And the end, my favorite part. Marlo and her husband are in the kitchen prepping their kids’ school lunches. No words, just two people connecting, supporting each other, and getting through it together. Does this mean she is fine, nope. Does this mean her stuff is figured out, not by a long shot. But it means someone knows. Someone sees her. Someone knows she needs help and she now knows she doesn’t have to and can’t do it alone anymore. 

But it means someone knows. Someone sees her. Someone knows she needs help and she now knows she doesn’t have to and can’t do it alone anymore. 

Sharing (and Owning) My Story


A few weeks ago I made the decision to share my story with you. I had no idea how it would be received or how it would make me feel, but I put it out there and took the risk.

I have been trying to figure out how to describe what it’s been like since then, and today I finally figured it out. I was listening to a podcast (my newest obsession) and they mentioned the Japanese art of kintsugi. You may think that you haven’t heard of it before, but chances are you have.

Kintsugi is the Japanese practice of filling cracks on broken pottery with gold, silver or platinum. The metaphor has been used a million times, so forgive me for using it again, but it so perfectly describes how I have been feeling that I wanted to share it with you. I really tried to eloquently re-write the Wikipedia description of the philosophy and ultimately realized that I was failing… so instead I am just going to use their words.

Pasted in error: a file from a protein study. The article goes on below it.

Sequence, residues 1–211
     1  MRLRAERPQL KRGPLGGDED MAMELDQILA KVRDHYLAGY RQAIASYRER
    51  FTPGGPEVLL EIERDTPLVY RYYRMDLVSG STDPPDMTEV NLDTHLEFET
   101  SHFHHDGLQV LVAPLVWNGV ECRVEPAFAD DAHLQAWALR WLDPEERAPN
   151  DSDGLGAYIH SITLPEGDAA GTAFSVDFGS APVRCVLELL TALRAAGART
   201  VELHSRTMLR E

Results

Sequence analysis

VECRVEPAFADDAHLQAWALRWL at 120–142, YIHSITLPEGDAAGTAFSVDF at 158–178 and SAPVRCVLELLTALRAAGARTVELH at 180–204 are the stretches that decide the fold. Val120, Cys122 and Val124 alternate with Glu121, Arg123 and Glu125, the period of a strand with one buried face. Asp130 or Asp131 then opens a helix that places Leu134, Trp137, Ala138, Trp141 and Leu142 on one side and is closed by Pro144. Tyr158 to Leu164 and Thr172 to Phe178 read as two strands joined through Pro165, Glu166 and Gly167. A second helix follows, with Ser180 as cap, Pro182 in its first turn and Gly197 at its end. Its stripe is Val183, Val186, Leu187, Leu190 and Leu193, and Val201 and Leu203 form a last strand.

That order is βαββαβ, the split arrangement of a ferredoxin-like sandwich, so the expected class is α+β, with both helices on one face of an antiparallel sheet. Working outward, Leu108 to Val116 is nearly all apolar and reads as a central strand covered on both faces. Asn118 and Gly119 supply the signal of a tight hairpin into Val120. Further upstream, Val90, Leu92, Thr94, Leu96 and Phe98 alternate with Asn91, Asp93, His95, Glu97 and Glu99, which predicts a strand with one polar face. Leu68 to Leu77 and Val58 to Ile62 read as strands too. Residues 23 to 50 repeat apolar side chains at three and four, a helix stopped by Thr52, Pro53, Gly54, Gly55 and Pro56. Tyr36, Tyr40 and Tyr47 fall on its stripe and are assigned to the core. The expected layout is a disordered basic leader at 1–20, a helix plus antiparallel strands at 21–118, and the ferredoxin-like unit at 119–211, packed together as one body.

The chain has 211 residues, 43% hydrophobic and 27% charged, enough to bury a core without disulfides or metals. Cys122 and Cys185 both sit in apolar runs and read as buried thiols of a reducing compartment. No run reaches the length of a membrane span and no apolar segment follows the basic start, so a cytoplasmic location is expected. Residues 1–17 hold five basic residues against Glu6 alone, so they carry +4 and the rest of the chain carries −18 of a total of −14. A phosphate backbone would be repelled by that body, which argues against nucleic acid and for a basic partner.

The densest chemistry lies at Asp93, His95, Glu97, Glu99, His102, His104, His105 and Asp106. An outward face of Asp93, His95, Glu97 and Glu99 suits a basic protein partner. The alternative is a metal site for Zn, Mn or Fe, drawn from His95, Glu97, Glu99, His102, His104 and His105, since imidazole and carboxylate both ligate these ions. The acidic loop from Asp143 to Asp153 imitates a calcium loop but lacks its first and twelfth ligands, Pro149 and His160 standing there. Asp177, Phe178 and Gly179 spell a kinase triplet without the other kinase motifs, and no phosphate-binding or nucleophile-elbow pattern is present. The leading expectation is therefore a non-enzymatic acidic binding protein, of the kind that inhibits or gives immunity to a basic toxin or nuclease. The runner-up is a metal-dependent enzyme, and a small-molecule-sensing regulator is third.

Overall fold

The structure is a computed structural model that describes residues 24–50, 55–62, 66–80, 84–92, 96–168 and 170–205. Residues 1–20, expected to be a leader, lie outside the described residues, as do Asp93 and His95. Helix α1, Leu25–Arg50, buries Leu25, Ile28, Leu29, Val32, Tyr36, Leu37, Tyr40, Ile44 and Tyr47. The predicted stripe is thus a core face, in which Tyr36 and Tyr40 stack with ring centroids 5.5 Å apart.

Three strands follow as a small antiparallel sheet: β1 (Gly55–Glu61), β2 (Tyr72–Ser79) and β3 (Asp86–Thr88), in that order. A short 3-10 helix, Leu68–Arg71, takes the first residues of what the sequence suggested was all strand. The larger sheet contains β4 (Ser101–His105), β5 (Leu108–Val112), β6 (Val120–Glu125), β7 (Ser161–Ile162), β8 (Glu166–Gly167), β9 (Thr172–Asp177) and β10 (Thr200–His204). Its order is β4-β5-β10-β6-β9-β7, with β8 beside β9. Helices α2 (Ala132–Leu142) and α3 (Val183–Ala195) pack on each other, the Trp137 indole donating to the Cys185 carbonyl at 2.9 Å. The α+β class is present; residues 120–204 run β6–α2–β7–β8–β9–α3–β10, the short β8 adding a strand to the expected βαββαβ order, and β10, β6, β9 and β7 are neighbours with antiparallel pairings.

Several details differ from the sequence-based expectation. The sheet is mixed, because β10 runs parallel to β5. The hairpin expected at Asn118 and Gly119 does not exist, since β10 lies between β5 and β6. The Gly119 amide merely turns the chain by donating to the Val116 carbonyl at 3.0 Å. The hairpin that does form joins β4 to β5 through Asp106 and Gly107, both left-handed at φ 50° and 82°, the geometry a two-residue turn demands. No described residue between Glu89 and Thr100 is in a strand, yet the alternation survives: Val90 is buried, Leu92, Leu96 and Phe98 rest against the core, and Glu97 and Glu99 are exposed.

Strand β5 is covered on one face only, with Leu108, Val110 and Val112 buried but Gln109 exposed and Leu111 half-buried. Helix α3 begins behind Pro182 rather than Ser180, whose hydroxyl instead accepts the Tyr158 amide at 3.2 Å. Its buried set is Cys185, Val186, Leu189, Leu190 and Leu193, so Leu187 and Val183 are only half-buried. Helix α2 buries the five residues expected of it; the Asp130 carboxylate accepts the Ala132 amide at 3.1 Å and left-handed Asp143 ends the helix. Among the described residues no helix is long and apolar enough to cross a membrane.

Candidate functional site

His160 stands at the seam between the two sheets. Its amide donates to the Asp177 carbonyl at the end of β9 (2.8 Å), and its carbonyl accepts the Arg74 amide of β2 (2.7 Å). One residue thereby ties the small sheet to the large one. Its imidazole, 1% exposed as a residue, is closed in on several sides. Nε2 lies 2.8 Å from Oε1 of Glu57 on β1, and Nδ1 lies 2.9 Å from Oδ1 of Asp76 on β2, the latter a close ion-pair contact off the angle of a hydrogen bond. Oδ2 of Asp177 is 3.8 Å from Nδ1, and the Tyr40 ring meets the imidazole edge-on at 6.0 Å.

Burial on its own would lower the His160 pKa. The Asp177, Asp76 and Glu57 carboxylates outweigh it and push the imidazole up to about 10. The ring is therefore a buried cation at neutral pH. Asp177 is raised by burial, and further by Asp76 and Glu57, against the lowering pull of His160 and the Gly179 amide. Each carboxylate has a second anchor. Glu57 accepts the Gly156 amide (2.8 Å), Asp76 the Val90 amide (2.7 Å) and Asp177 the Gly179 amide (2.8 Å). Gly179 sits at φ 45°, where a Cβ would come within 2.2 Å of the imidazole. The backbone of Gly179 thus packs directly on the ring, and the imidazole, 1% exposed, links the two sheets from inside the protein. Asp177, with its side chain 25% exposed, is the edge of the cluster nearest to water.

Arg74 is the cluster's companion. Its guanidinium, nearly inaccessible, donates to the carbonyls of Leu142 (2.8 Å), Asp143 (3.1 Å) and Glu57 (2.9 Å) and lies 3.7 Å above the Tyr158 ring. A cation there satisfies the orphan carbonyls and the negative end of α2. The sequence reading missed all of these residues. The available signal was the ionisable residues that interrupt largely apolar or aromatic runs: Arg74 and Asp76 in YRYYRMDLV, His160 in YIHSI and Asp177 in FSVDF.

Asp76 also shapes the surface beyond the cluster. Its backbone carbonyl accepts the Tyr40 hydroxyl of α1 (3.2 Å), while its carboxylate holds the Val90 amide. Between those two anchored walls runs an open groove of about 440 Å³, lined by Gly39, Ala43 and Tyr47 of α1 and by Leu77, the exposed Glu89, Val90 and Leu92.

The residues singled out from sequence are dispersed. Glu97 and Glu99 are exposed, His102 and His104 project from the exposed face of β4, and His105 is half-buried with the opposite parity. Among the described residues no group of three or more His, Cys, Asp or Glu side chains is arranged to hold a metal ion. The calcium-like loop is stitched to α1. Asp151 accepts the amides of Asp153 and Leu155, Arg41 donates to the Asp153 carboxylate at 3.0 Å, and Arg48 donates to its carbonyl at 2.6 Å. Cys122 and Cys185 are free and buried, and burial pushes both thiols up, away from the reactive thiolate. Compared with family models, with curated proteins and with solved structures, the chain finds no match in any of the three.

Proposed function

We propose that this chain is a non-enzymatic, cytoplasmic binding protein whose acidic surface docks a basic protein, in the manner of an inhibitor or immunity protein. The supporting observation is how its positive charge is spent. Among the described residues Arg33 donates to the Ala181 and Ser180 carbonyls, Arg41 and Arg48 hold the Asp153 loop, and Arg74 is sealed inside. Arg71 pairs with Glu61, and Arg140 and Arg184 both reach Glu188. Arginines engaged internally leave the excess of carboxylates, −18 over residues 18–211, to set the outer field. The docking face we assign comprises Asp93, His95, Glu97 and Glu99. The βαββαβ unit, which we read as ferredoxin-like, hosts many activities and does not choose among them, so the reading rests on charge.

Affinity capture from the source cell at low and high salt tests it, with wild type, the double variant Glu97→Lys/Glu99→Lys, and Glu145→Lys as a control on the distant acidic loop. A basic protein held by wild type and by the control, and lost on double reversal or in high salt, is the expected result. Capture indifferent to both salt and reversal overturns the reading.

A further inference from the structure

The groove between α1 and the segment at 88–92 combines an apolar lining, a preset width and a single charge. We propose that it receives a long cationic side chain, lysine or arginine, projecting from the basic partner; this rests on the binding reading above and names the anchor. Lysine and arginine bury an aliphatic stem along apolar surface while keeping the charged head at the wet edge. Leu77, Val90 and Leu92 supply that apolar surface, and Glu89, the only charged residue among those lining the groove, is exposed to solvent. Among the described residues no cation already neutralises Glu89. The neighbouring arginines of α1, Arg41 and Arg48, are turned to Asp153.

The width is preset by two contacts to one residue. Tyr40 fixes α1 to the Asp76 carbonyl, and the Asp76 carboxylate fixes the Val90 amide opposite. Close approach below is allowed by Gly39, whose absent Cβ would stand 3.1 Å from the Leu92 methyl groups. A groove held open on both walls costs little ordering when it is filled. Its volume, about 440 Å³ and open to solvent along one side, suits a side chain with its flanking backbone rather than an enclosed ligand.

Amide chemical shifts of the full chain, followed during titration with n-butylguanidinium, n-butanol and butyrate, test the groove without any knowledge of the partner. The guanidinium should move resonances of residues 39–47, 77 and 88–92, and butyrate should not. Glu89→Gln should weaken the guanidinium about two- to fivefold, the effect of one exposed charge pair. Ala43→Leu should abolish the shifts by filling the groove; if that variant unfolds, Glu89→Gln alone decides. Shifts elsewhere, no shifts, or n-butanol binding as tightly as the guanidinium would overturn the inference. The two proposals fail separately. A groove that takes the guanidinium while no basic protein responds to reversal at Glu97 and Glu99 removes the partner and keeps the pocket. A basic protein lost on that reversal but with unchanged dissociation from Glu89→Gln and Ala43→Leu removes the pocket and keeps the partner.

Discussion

As a philosophy, kintsugi can be seen to have similarities to the Japanese philosophy of wabi-sabi, an embracing of the flawed or imperfect. Japanese aesthetics values marks of wear by the use of an object. This can be seen as a rationale for keeping an object around even after it has broken and as a justification of kintsugi itself, highlighting the cracks and repairs as simply an event in the life of an object rather than allowing its service to end at the time of its damage or breakage.
"Not only is there no attempt to hide the damage, but the repair is literally illuminated... The [changes] of existence over time, to which all humans are susceptible, could not be clearer than in the breaks, the knocks, and the shattering to which ceramic ware too is subject. "— Christy Bartlett, Flickwerk: The Aesthetics of Mended Japanese Ceramics